There is nothing more stereotypically tied to the legal profession than a lawyer standing up in a courtroom and shouting “I object!” to protest something the lawyer on the other side is trying to admit to the evidence and record. The practice is shown in most legal shows and even found its way into Elle Woods’ video admissions essay for Harvard Law in “Legally Blonde.”
While it has been romanticized and featured in a multitude of mediums, the objection is the lawyer or attorney’s key weapon to prevent evidence from making it into the record or to the ears of the jury. Once it makes its way to the ears of the jury, it is much more difficult to remove any of the influence the piece of objectionable evidence may have.
Before moving on, there are different types of objections. Regardless of what type of objection an attorney raises, it is almost always true that the attorney will have to go beyond merely objecting and say or argue why the evidence is objectionable in the first place. Once the objection and its reasoning and have been raised, the party that wants to include the evidence is given an opportunity to say why the evidence is so vital. The judge is then given the job of admitting or denying the evidence.
The first type of objection is the “substantive” objection. Substantive objections rest on some particular exclusionary principles in the rules of evidence. These rules can be either from the Federal Rules of Evidence or a state version of similar rules. Either way, the objection is founded on an exclusionary principle from an actual rule. An example of a substantive objection would be raising an objection on the grounds of hearsay. Others include attorney-client privilege , character evidence rules, and “subsequent remedial measures.”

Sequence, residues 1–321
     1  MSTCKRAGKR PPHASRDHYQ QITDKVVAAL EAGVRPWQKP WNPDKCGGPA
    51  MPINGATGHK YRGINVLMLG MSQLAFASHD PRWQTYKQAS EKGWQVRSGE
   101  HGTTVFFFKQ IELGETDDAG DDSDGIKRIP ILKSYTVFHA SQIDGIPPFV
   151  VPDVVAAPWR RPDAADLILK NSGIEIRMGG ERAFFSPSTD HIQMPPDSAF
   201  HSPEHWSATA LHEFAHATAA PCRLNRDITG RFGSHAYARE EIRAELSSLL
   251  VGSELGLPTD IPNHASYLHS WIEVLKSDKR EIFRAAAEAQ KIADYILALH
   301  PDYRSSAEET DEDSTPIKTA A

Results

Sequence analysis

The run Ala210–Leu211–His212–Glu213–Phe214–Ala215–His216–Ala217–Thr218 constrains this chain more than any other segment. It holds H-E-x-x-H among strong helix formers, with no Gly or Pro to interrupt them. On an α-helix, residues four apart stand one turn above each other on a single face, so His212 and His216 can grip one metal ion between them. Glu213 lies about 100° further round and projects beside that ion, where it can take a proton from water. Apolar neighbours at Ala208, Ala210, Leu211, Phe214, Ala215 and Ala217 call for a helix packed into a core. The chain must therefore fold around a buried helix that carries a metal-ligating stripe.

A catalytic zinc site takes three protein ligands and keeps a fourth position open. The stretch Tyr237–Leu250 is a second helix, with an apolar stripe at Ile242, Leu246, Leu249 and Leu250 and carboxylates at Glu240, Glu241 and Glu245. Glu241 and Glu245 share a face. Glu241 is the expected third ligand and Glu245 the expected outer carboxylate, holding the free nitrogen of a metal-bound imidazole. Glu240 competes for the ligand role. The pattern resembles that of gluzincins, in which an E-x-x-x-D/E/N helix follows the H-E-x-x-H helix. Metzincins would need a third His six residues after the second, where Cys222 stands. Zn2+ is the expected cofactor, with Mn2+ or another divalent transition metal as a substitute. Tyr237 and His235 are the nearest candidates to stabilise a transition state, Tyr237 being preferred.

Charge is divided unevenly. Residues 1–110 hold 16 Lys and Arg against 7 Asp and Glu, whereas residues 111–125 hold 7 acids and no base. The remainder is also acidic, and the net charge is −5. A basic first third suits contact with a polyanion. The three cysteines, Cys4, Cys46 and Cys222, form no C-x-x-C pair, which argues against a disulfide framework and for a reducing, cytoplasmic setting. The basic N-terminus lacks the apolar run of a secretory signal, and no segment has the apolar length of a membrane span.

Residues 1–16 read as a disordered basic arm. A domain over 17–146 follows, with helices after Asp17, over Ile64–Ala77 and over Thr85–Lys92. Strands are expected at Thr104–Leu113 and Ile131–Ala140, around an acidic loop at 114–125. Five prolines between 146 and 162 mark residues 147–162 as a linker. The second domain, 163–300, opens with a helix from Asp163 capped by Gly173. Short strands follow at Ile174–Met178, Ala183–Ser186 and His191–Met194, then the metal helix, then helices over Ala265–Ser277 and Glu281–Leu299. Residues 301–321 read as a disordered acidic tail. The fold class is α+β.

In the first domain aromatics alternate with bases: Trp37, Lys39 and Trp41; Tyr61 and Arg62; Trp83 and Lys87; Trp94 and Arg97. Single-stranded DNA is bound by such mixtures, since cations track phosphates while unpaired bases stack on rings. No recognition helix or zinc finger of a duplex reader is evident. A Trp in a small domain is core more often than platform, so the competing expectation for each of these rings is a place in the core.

Formal objections do not rest on a rule of evidence. They are objections raised due to something that is wrong with the manner of questioning the witness. This could be that the attorney is being argumentative, badgering the witness, asking the same question repeatedly, or any of a number of different things that are considered to be in bad form.
Another type of formal objection can deal with leading questions being offered by the lawyer. Leading questions are questions in which the lawyer “leads” the witness along in the questioning. The problem with leading questions is that they suggest that the lawyer is telling his or her own story, rather than letting the witness tell what happened. Putting words in a witness’ mouth is a practice that is frowned upon.
The final type of objection is the general objection. This type of objection offers less protection to the lawyer’s client than the other types but is still useful. It can stall the trial long enough for the lawyer to figure out exactly to what he or she wants to object and formulate an argument in his or her head.
Source by Joseph Devine